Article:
Charles Soule started his run on Swamp Thing incredibly strong, offering a much more traditional, yet still fresh, interpretation of the character. The second issue however, while full of action, focused on Superman rather than Swamp Thing, which created an ultimately confused tone for the book. Luckily, Soule’s third issue combines the best of both issues, producing not only Soule’s best issue on Swamp Thing to date, but one of the best issues I’ve read in a long time.
This issue focuses on Capucine, an 800-year-old woman seeking Swamp Thing’s help. The issue explores a bit of her past and what she wants from the Avatar of the Green, while continuing the overarching story with Seeder, Swamp Thing’s new enemy. What I love the most about this issue is the new mythology it adds to Swamp Thing and the concept of the Green. When Capucine asks for Alec’s protection at the beginning of the issue, she invokes “The Sanctuary of the Green Leaves”, a pact made by a previous avatar which grants protection to whomever asks for it. Alec, who had never heard of this pact, was sent back by the Parliament of Trees to speak with the avatar who created the sanctuary in a flashback of sorts. This aspect of the issue was extremely well done, with Soule managing to add some very interesting mythology to the history of the Green, all whilst telling an engaging story in the present. The Green is perhaps the most intriguing part of Swamp Thing due to the very vague nature of its history, so I applaud any chance a writer takes to expand upon that history.
Soule has made a point since the beginning of his run to question Alec’s loyalty to the Green, and its loyalty to him. As was hinted at during his nightmare in last month’s issue, Alec is beginning to have his doubts about the Green’s intentions, and exactly how much it needs him. This plays a passing role in issue #21, as Alec discusses how he’s always felt as though the parliament has seemed detached from him, like they’re holding back vital information. Exploring the Green’s motivations has never really been touched on before, and I hope Soule plans on exploring it more in the future.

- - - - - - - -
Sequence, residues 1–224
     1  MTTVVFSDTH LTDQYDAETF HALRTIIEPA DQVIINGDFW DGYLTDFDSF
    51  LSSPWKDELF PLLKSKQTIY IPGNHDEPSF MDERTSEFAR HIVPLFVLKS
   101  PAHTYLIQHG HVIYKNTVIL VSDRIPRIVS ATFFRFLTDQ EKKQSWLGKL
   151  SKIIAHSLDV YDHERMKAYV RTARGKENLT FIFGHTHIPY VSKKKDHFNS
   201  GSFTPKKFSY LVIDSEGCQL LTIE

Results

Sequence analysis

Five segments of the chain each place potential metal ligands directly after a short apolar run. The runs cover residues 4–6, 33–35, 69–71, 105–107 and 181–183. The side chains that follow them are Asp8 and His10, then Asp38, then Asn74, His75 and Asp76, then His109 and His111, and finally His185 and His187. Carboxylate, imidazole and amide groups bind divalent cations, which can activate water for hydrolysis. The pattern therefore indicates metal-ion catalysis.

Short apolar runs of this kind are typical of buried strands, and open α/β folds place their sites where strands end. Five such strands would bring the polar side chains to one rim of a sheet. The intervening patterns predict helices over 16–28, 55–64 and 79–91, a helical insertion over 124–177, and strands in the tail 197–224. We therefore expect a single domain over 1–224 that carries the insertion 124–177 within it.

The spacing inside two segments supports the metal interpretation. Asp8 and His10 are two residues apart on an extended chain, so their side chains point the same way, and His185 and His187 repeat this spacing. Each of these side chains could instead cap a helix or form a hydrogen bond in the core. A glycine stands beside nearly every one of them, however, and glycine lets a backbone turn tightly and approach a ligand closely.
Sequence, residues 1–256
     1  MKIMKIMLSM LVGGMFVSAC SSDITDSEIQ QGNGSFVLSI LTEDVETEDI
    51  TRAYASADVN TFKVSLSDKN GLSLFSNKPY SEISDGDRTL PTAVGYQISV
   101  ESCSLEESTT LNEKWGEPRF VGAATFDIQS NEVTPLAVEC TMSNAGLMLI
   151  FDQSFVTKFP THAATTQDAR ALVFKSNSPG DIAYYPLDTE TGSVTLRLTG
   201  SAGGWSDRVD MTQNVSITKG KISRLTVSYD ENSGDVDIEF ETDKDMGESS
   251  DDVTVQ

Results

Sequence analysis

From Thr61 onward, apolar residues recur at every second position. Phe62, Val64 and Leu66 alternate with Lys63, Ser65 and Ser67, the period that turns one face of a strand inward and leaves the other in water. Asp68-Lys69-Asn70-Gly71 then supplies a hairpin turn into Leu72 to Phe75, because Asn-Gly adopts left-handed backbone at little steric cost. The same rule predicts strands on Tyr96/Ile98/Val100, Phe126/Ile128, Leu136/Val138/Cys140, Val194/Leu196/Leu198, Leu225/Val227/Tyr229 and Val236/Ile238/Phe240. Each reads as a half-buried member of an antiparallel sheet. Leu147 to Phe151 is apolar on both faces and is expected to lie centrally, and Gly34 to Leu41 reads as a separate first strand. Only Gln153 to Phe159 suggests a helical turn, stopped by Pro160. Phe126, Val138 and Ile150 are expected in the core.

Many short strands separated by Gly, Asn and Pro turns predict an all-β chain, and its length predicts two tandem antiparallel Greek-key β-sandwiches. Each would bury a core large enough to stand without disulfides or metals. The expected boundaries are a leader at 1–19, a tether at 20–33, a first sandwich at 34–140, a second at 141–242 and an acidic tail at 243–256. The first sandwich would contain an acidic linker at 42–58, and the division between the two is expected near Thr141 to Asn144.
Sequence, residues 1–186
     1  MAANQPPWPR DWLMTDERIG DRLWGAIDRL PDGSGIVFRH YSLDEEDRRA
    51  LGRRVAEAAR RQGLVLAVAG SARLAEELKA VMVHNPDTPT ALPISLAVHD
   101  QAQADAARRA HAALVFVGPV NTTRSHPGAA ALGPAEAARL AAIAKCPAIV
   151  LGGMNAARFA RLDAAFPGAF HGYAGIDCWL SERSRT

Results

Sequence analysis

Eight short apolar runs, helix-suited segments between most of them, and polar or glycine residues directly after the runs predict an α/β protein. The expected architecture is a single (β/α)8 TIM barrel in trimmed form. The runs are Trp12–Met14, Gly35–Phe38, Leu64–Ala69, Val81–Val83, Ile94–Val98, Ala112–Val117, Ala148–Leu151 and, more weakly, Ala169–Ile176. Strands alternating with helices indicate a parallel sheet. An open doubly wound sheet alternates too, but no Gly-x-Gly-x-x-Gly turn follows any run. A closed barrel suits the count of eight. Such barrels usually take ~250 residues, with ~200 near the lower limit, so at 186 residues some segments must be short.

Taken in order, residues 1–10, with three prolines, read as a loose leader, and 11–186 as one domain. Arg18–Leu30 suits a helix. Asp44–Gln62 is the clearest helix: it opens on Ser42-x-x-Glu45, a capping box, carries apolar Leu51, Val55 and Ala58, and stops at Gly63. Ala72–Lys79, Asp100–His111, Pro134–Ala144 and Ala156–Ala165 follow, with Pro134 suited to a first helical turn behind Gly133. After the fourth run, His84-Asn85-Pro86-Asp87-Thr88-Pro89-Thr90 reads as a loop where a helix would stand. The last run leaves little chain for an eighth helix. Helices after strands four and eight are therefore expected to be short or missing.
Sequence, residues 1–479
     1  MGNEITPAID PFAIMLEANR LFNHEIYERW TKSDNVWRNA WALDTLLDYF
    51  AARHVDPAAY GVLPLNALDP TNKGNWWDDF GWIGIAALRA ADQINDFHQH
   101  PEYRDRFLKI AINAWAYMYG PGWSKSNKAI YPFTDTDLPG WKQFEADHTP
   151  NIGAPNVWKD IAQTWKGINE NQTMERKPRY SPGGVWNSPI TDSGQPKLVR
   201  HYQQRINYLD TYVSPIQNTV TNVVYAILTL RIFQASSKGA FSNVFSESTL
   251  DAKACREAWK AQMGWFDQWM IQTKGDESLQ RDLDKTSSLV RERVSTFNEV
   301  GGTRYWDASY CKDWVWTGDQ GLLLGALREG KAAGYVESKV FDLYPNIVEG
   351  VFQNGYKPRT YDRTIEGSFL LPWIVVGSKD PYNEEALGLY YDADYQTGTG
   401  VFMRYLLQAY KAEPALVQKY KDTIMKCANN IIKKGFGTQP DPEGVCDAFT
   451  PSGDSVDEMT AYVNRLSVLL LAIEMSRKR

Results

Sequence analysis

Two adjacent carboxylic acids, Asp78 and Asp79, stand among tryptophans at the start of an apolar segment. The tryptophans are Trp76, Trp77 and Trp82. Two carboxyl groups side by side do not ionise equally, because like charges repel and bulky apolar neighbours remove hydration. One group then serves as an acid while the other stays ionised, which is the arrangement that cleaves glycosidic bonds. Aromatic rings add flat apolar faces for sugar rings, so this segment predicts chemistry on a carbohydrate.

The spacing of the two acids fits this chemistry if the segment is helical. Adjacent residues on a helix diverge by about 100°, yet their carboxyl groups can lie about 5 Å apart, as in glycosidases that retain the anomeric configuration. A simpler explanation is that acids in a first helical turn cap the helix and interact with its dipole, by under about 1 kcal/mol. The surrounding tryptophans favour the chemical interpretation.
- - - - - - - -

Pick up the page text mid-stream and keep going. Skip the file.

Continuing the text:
Finally, this issue provided our very first look at Seeder, Swamp Thing’s new villain. While very brief, we do get a quick shot of him in the last panel of the issue, and with Alec now traveling to Scotland to deal with him, it looks like we’ll be seeing a lot more of him in the coming months.
My biggest complaint for this issue actually contains a kernel of praise. On the plus side, some of the paneling in this issue is absolutely phenomenal. Some of the creative decisions stand in artist Jesus Saiz makes on some of the later pages are absolutely amazing, rivaling the unique paneling used by Yanick Paquette on his previous run. The downside, however, is that there isn’t nearly enough of it. Saiz reserved his inventive paneling for the final few pages, leaving the first half of the book with the generic layout found in most comics.
Additionally, I wasn’t overly thrilled with Saiz’s depiction of Swamp Thing himself. Regular artist Kano managed to create an ideal look for a modern depiction of Swamp Thing, giving him a newer aesthetic while still remaining faithful to the original depiction of the character. Saiz, however, opted for a more warrior-esque look for the character, giving him the build of Superman covered in bark. Alec is now at home in the swamp, and should look like the original version of the character we all know and love.
While last month’s issue faltered slightly due to the increased emphasis on Superman, Charles Soule’s third venture into the world of Swamp Thing proves his most successful yet. Soule continues to find an interesting voice for the character, delving deep into the psychological process of the character whilst building an intriguing new aspect to the mythology of the Green.